THE source for rare Bibles, antique Bibles, ancient Bible leaves, & antiquarian theology books is GREATSITE.COM
greatsite.com
contact us site map
home ancient rare Bibles ancient rare Bible leaves featured items & events facsimile reproductions Bible History about us appraisals
   

Every folio listed below comes with a FREE 1685 Eliot Indian Bible Leaf a ($1,450 value) or for
$350 more you can upgrade to a 1663 Eliot Indian Bible Leaf a ($1,995 value).

1610
Geneva Bible


1616
Geneva Bible


1660
John Field's Bible


1685
Oxford


1715
King James/
Geneva Notes


       

1769/1771
Baskerville

1769/71
Baskerville

1792
Hodge & Campbell
Printed for T. Allen - Scarce


(c) 1790
Wright Family Bible
1798
Hot Press
 
1813
Douay - Rheims
1885
Imperial Family Bibl
e

1796
Jacob R. Berriman: Philadelphia

1760
Samuel Clark
49 Illustrations

 
         
         

The main reason why there were no English language Bibles printed in America until the late 1700’s, is because they were more cheaply and easily imported from England up until the embargo of the Revolutionary War. But the kind of Bible John Eliot needed for his missionary outreach to the native American “Indians” was certainly not to be found in England, or anywhere else. It had to be created on the spot. Eliot recognized that one of the main reasons why the native Americans were considered "primitive" by European settlers, is that they did not have a written alphabet of their own. They communicated almost exclusively through spoken language, and what little writing they did was in very limited pictorial images, more like Egyptian hieroglyphics than that of any functional alphabetical language like those of Europe or Asia or Africa.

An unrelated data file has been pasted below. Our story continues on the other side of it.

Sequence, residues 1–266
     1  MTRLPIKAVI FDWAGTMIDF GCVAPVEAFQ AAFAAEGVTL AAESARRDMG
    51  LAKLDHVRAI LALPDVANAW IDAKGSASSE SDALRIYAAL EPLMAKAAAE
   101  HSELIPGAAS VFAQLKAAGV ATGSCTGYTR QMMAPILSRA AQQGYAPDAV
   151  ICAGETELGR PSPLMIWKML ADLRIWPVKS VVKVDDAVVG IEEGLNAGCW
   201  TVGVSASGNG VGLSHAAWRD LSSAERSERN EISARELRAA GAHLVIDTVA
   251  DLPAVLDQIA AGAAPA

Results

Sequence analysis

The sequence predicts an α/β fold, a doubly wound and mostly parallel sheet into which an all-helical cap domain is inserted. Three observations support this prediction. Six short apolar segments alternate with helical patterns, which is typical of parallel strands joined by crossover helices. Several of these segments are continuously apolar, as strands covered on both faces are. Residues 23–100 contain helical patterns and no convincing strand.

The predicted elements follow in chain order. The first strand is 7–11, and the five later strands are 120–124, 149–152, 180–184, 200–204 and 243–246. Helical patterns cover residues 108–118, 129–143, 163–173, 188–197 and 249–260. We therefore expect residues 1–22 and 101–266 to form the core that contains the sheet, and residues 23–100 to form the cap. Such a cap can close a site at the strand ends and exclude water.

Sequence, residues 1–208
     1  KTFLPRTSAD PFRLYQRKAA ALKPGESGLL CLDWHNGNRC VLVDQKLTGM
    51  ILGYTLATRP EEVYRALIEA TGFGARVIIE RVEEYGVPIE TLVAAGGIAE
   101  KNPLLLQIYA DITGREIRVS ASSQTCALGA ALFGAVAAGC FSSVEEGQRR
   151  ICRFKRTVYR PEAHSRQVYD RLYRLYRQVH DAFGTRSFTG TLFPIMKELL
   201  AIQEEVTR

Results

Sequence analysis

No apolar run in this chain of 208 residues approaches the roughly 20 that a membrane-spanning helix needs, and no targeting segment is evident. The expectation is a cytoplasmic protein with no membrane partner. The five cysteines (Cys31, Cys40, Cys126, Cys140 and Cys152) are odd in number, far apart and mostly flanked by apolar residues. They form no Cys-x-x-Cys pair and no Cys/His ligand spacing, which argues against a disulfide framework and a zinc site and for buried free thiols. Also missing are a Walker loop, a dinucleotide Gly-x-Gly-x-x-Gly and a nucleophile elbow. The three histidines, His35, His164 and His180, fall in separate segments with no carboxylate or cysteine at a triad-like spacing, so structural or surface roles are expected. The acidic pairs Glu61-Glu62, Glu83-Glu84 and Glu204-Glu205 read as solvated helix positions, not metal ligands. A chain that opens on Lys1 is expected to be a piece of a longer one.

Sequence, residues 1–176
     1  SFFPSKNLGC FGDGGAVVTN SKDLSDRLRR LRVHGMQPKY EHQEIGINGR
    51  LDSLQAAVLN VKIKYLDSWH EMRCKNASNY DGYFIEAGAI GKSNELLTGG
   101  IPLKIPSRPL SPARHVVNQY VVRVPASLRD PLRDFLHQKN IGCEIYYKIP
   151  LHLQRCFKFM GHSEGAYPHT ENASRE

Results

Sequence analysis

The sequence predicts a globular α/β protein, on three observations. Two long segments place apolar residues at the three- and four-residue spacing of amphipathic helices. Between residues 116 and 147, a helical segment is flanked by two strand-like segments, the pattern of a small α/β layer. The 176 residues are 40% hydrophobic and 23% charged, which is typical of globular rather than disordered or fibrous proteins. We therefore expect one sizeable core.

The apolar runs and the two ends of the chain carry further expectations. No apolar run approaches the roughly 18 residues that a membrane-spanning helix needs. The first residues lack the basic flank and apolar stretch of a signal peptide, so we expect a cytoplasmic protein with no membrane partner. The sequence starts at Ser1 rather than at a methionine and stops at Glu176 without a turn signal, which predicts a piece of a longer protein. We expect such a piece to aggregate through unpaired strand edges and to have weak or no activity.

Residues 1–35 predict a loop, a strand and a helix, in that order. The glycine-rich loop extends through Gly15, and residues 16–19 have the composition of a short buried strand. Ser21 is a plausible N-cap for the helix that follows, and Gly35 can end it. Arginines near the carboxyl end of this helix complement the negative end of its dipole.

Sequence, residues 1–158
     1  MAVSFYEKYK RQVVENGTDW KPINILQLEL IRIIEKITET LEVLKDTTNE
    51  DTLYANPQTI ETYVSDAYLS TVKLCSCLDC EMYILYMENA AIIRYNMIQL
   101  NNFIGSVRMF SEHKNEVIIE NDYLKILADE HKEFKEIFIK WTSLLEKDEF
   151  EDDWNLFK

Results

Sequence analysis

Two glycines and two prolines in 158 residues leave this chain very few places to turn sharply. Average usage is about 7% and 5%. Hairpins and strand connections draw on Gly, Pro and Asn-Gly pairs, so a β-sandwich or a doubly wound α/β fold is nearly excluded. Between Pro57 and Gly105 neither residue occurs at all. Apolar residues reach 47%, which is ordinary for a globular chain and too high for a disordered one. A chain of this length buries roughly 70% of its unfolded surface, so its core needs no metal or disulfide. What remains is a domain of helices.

Clearly the Word of God was something these people needed if they were to stop worshiping creation and false gods, and learn to worship the true Creator… but God’s Word could not realistically be translated effectively into their primitive pictorial drawings. So Eliot found a wonderful solution: he would give the native Americans the gift of God’s Word and also give them the gift of true literacy. He agreed to learn their spoken language, and they agreed to learn the Western world’s phonetic alphabet (how to pronounce words made up of character symbols like A, B, C, D, E, etc.) Eliot then translated the Bible into their native Algonquin tongue, phonetically using our alphabet! This way, the natives did not really even need to learn how to speak English, and they could still have a Bible that they could READ. In fact, they could go on to use their newly learned alphabet to write other books of their own, if they so desired, and build their culture as the other nations of the world had done. What a wonderful gift!

 

       
       
Other Featured Selections

GreatSite.com GreatSite.com